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Roman Coins About Britain
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There are four (maybe six) coins, all showing river gods, that might be associated with Septimius Severus’ campaigns in Scotland, although I have to be clear now that the links are tenuous and disputed. I’ll discuss why later.
207 AD: Two River Gods
The first two coins (RIC 4 96 and RIC 4 175) are denarii from Caracalla showing him in military attire, standing over three figures. RIC 4 describes these as a river god and two captives, but it’s wrong. It’s clear from the best quality coins that the outer two figures are river gods and that the third figure isn’t a captive at all. This has led some to suggest that the river gods represent rivers in Britain (the Tyne and Eden near Hadrian’s wall, the Solway Firth in the territory of the Selgovae, or the Forth and the Tay which were the two major rivers that were thought to be bridged during the campaigns), and that the figure represents Britannia, who is under the protection of the emperor. I’ll discuss Britannia on these coins in the next section.
The first coin (RIC 4 96) is securely dated to 207 AD. The second (RIC 4 175), with the reverse legend “VIRTVS AVGG” (valour or courage of the emperors), has the date range 206-210 AD, but can be dated to around 207 AD based on the portrait style.
Nicholas Reed (“The Scottish Campaigns of Septimius Severus“, 1977) proposed a timeline that had Caracalla campaigning in Britain in 207 AD, and suggested that these coins refer to his campaigns against the Selgovae who lived to the immediate north west of Hadrian’s wall and who would have to be subdued before the Romans could safely travel north by the east coast route. Reed thought that the river gods might then refer to the Solway Firth. Many people dispute this because the standard narrative for the campaigns has Caracalla travelling to Britain with Septimius Severus and Geta in 208 AD. However, it turns out that there’s very little evidence to say where Caracalla was in 207 AD. The main alternative to him campaigning in Britain is that he was campaigning in Parthia.
Proponents of this theory point to the fact that the coin is a copy of Trajan’s victory in Parthia coin (RIC 2 642 – photo), and say that it must therefore relate to an undocumented campaign in Parthia in 207 AD. However, the Severans liked to copy coin designs, and as they used Judea Capta imagery for Scotland (a palm tree. For Scotland. Really?) then the fact that Trajan’s coin was for Parthia becomes irrelevant. Another coin design relating to Parthia, Hadrian’s “PACATOR ORBIS” design, was also reused, but can be discounted for the same reason. There was an increase of Caracalla military coins in 205/206 AD in that area, but the peak in production in 206 AD, along with him gaining his second imperatorial salutation (IMP II) by the 30th of March 207, suggests that any campaign was in 205/206 AD and was all over by early 207 AD. This slim evidence doesn’t confirm a Parthian campaign, but even if there was one, it seems he could have still had time to travel to Britain in 207 AD.
There’s even less evidence to say he was in Britain. One argument for him being in Britain is that he was quite an ambitious chap, and it seems very unlikely that he would have found himself at the furthest point in the empire from where all the action was about to happen. Horace wrote in 23 BC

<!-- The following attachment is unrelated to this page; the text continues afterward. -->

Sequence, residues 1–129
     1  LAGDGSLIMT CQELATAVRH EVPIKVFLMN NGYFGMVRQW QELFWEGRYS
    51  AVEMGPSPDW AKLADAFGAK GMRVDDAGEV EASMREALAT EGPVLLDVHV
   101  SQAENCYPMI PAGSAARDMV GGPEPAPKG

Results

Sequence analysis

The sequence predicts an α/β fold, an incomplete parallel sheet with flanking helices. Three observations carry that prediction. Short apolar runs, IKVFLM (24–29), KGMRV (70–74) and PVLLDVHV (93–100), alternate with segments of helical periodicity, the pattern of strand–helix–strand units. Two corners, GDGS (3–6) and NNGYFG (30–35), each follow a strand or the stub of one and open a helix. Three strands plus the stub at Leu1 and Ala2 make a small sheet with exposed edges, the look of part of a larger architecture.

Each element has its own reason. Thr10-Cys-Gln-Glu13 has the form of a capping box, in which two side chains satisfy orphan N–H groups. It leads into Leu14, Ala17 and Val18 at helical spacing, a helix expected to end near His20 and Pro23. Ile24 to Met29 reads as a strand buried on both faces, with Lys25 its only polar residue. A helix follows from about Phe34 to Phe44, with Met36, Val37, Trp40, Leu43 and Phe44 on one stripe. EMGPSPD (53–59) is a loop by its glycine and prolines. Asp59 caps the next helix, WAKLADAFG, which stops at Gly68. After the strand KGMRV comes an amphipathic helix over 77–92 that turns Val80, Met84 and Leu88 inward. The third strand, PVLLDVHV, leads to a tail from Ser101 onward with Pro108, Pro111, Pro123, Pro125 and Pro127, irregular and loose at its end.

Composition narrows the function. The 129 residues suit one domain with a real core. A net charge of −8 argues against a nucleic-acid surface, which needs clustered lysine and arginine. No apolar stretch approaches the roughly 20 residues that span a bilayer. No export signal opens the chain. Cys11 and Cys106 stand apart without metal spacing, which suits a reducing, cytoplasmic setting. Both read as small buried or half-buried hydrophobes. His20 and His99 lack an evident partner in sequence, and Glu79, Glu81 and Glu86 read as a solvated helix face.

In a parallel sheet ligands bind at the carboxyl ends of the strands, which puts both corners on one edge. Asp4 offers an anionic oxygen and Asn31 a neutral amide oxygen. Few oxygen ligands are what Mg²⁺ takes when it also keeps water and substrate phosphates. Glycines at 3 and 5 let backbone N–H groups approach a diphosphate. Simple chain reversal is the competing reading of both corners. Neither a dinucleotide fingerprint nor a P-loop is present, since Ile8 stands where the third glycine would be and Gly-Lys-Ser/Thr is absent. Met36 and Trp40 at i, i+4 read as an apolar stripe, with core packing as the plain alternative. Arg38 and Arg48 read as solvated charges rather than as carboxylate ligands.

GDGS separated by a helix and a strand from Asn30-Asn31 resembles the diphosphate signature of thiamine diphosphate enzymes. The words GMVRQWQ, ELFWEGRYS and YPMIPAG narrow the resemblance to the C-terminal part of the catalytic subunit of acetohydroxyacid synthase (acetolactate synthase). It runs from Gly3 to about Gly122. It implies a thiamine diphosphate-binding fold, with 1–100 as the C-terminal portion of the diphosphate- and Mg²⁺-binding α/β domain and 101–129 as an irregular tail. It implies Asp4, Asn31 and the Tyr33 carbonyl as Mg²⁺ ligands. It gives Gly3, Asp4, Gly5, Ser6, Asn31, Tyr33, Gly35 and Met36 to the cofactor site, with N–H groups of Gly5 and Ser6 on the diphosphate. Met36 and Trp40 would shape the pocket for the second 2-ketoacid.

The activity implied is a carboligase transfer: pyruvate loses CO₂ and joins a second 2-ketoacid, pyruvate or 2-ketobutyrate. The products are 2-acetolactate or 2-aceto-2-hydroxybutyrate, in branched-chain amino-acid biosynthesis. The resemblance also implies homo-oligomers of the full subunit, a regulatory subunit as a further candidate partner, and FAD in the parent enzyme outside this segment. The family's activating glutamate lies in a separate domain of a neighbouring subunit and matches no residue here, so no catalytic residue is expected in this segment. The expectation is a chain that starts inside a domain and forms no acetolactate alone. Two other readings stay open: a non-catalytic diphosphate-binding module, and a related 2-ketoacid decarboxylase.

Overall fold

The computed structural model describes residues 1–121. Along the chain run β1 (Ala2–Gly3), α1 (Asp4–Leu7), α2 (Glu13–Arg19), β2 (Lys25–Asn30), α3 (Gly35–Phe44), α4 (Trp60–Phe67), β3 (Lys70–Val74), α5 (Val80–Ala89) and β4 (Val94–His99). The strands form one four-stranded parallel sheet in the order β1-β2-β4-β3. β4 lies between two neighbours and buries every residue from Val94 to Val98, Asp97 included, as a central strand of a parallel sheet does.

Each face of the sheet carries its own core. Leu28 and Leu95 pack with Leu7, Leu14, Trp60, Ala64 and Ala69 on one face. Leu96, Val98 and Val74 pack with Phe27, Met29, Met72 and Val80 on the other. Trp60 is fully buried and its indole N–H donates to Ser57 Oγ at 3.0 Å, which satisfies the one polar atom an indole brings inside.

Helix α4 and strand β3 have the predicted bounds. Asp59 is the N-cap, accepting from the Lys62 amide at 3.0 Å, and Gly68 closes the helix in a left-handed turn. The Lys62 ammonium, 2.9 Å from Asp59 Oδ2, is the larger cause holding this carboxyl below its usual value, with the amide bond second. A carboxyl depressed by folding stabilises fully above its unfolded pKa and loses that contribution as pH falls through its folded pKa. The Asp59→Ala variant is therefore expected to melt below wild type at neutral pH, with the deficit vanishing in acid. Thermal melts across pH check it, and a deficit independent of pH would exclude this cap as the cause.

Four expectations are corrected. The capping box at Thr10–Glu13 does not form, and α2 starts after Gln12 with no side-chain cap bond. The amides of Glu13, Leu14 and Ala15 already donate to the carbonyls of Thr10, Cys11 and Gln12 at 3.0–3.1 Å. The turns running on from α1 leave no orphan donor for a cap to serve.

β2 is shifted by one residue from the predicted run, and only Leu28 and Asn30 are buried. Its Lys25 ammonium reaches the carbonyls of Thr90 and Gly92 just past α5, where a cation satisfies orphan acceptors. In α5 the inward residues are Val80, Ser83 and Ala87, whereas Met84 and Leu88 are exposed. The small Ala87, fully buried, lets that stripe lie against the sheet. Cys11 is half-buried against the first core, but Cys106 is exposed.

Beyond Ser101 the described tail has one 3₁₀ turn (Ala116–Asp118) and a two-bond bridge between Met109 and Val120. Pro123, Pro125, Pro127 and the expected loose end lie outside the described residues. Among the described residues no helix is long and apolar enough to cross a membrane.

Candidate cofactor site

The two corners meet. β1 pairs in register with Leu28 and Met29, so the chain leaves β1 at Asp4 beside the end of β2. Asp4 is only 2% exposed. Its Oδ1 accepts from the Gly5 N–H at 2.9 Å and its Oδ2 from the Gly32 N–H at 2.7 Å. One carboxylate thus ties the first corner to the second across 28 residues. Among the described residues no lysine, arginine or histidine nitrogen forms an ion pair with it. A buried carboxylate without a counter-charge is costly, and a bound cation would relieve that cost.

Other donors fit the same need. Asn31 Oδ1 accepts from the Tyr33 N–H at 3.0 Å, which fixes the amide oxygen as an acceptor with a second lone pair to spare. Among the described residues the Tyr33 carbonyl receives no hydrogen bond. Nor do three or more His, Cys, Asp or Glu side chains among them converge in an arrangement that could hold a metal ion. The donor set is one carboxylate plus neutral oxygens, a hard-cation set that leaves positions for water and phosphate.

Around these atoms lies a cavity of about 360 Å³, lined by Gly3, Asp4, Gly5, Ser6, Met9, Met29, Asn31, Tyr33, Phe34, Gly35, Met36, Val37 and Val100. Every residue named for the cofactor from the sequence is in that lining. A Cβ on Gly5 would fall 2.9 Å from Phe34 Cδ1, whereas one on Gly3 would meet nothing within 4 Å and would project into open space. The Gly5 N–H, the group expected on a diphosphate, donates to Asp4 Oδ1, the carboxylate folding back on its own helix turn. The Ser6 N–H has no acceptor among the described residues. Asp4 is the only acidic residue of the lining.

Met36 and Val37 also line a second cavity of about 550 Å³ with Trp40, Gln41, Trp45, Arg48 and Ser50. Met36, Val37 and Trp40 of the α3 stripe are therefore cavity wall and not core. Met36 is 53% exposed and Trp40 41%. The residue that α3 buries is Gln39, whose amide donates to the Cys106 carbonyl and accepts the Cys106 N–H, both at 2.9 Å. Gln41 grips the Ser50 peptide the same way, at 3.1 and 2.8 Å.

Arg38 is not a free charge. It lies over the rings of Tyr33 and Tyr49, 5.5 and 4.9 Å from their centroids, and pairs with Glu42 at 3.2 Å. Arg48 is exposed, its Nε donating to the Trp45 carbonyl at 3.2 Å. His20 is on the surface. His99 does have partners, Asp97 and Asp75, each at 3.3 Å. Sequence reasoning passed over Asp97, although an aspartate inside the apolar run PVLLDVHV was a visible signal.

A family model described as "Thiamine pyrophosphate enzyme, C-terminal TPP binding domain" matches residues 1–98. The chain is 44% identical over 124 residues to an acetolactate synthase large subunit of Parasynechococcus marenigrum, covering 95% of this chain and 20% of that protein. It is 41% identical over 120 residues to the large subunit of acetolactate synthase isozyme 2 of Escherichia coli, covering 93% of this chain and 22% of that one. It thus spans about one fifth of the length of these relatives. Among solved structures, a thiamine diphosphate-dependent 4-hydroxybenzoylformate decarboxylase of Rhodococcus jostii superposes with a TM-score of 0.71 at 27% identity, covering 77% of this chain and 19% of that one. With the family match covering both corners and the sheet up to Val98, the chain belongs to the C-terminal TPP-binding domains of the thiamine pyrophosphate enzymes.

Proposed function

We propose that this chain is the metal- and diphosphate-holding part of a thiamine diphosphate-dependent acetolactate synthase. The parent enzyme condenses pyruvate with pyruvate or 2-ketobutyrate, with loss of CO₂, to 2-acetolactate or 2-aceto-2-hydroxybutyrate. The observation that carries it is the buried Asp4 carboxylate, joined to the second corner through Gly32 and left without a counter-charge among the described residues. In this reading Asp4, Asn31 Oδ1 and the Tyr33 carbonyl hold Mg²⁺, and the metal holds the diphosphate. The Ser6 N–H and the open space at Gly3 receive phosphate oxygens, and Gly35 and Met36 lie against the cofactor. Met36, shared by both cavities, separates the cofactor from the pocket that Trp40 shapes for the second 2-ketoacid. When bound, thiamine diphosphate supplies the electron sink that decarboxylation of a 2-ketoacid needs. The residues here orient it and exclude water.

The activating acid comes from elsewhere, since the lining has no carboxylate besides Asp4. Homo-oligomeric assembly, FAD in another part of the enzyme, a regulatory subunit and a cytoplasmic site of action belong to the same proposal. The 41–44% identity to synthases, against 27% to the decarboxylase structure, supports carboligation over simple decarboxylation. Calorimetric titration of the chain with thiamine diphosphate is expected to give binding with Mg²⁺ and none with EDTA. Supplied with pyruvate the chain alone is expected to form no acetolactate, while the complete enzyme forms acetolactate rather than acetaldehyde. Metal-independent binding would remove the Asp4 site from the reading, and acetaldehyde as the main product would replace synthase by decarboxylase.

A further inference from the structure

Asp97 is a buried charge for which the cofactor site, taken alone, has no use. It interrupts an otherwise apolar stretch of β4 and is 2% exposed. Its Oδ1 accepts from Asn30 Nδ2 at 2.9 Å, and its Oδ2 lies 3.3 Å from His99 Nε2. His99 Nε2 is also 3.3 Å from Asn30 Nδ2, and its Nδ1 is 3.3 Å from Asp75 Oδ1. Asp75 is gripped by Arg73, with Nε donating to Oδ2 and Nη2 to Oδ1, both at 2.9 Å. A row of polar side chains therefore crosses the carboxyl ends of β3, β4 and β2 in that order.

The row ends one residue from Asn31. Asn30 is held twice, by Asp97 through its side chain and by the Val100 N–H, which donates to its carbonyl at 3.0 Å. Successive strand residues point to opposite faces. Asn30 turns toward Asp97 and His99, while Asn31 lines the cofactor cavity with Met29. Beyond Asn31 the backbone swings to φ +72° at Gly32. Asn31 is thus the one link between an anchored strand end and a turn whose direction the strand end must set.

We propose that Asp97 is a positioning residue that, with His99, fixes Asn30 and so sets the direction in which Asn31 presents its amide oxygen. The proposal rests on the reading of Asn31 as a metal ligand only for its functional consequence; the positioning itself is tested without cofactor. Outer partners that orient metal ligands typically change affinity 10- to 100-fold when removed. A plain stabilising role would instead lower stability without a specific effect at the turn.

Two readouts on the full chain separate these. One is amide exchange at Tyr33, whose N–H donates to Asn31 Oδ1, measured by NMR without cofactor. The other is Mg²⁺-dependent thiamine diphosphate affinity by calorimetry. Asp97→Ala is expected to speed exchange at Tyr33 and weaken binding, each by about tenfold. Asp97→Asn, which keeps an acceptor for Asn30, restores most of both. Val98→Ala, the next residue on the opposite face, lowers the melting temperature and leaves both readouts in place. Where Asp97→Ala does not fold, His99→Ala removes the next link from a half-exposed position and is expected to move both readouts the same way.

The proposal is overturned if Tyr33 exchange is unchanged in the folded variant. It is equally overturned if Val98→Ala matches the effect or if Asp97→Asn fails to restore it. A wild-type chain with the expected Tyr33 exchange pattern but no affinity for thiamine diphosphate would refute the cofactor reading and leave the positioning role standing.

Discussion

“Augustus will be recognized as a god on earth for his subjugation of the Britons and Parthians” (Odes III. v)
so there was a lot of glory to be had for Caracalla if he could also conquer the British (he had already claimed credit for conquering the Parthians, despite being only nine at the time).
A second argument for being in Britain in 207 AD comes from the next two coins.
211 AD: One River God
These aurei from Caracalla and Geta date to 211 AD. These show the emperor in military attire, standing over a river god, although RIC 4 describes it as a captive, and possibly Britannia, on Geta’s coin (RIC 4 82).
Caracalla’s aureus coin isn’t in RIC 4 but was sold by CNG who describe these coins as the last of the British Victory coins, suggesting that the river is the Tyne at Hadrian’s wall, or even the English Channel. Because these coins were minted after the campaigns concluded and the emperors were on their way home, and because Geta stayed in York and never went on campaign, the English Channel seems a likely explanation. If that’s correct, then the River God coins of 207 and 211 AD look like they neatly bookmark the start and end of the trip to Britain.
As no more than an idle musing, it’s interesting to note that two emperors crossed the channel to enter Britain, and only one crossed it to leave Britain, perfectly matching the number of gods on the respective coins. Ok, technically two crossed it on the way back, but Geta and Caracalla hated each other and each would have considered themselves the only true emperor. It might have been the case that the river gods were being called on to protect the emperors’ travel across water to and from Britain.
211 AD: Another River God for Geta
The final two coins (RIC 4 Geta 171A and RIC 4 Geta 171B) are sestertii from Geta showing a woman seated, with a river god below the seat, and an unknown figure sitting on the ground. I’ve never seen these attributed to the Scottish campaigns but I’m including them because of the date, the river god, and the unknown figure which also appeared on the 207 AD coins.
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Septimius Severus, Caracalla, and Geta
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